Workshop: Varieties of norms

On the 13th of June in 2024, IAS-research is organizing the workshop Varieties of norms.
It lasts from 09.30 – 19.30 with dinner afterwards.
It takes place at the Sala de Juntas, Facultad de Educación, Filosofía y Antropología (HEFA-I), UPV/EHU.
If you plan to attend, please send a quick message to Mirko ( to confirm

For a long time, philosophers have regarded normative phenomena as belonging chiefly to the social and moral dimension of human thought and action. Today, however, different conceptions of norms and normativity play an increasingly important explanatory role in many disciplines, ranging from cognitive science and biology to comparative psychology and psychiatry. Against the background of recent developments in these fields, the aim of this workshop is to explore the variety in these different conceptions of norms as well as the continuity between them. In which sense are the relevant norms to be understood? Why is recognising their normativity important to explaining certain phenomena? What are the benefits and downsides of acknowledging a variety of different kinds of norms? Is there any fundamental principle underlying the diversity of norms?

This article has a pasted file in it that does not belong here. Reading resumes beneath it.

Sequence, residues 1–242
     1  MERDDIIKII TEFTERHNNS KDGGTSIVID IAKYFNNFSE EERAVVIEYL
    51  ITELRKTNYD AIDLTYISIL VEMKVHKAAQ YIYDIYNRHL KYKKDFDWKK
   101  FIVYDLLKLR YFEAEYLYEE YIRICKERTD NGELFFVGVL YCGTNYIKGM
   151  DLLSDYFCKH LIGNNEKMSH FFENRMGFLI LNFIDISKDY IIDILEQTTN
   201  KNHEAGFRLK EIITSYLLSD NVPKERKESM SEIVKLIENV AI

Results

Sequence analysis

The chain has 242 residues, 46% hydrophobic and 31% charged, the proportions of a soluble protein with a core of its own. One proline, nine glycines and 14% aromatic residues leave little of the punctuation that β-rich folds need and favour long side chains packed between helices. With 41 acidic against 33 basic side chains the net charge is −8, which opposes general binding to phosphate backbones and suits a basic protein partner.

Miguel Segundo-Ortín, University of Murcia
Laura Mojica, University of the Basque Country (UPV/EHU)
Ezequiel Di Paolo, Ikerbasque / University of the Basque Country (UPV/EHU)
Matthew Egbert, University of Auckland
Tiago Rama, University of the Republic of Uruguay (Udelar)
Enara Garcia, University of Granada

09:30 – 10:00 Arrival and Welcome
10:00 – 11:00 Miguel Segundo-Ortín
11:00 – 12:00 Laura Mojica
12:00 – 12:30 Coffee Break
12:30 – 13:30 Ezequiel Di Paolo
13:30 – 15:00 Lunch
15:00 – 16:00 Matthew Egbert
16:00 – 17:00 Tiago Rama
17:00 – 18:30 Coffee Break
18:30 – 19:30 Enara Garcia
20:30 Dinner

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About tvanes

Thomas van Es is a philosopher of cognitive science at the IAS Research Centre for Life, Mind and Society at the University of the Basque Country in Donostia, Spain, and the Centre for Philosophical Psychology at the University of Antwerp in Belgium. His current work focuses on enaction and dialectics. He has also published on science, autism, and the connection between enaction and the free energy principle and predictive processing.